* Send a letter to landscape business owners with a City business license.

* Produce a printable information sheet in Spanish & English on city website.

* Remind Police Beat Coordinators and Patrol officers of this law and enforce it when they come upon it.

I am including key city department heads to this e-mail so they too can read your comments. As I mentioned, I’ve talked with some of them and can follow up to see what’s feasible from this list - or perhaps with some other ideas.

Thank you for your persistence on this issue.

Comments

Independent Discussion Guidelines

Congratulations, Ashleigh, & Thanks, Mayor Schneider. I checked a couple of websites, hoping there might be some relatively quiet GB and didn't find any, but I didn't know that air pollution from 2-stroke GB engines is also significant, as well as air pollution from dispersal of material on the ground;
"GP blowers emit as much pollution in an hour as a car would if it drove 100 miles. California’s Air Resource Board reports that the 2-stroke engines emit several pounds of particulate matter into air every hour they are in use."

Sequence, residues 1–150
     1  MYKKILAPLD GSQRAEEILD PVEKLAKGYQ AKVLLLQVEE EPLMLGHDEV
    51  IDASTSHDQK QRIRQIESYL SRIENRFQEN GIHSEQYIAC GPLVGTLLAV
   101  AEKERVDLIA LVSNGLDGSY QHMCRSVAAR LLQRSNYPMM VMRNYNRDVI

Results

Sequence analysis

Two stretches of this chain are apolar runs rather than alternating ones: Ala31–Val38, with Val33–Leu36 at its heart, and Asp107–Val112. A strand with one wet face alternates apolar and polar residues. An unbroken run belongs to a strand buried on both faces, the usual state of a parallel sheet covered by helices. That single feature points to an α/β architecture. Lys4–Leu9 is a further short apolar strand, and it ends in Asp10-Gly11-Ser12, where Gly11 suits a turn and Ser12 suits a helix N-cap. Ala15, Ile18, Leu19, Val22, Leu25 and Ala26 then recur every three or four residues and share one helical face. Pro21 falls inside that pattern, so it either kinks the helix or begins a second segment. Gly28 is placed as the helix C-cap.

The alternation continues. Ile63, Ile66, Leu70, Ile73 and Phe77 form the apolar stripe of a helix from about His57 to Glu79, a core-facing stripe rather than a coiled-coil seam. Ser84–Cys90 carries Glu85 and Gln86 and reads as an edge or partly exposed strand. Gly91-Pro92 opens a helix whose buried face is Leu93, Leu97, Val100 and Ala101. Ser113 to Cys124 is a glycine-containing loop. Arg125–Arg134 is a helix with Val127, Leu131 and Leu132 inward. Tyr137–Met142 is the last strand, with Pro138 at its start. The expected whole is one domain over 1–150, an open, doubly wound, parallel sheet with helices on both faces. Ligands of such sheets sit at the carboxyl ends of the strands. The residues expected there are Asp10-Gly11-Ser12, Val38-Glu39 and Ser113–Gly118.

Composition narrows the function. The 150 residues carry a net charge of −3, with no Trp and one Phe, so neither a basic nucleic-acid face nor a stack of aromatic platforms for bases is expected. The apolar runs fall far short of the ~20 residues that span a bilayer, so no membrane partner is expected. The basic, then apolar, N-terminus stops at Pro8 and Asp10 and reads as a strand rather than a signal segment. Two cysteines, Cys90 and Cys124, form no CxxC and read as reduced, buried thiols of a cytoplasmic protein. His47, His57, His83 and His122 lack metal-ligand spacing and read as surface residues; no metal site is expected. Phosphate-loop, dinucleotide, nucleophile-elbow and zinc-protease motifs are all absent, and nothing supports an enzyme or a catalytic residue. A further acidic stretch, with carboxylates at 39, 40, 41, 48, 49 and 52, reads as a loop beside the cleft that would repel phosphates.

http://www.cleanhouston.org/comments/...
http://www.nonoise.org/quietnet/cqs/l...

Citizens for a Quieter Sacramento (2nd link) has some great references to noise studies showing increased aggression and hostility and mental illness associated with noise. I'm sure Ashleigh Brilliant and many others know a lot more than the info on these two sites, but I'm thankful that Mayor Schneider's letter to him motivated me to find a little more info.

14noscams (anonymous profile)
March 25, 2013 at 7:12 p.m. (Suggest removal)

Does the Municipal code needs to be updated?

http://www.santabarbaraca.gov/Documen...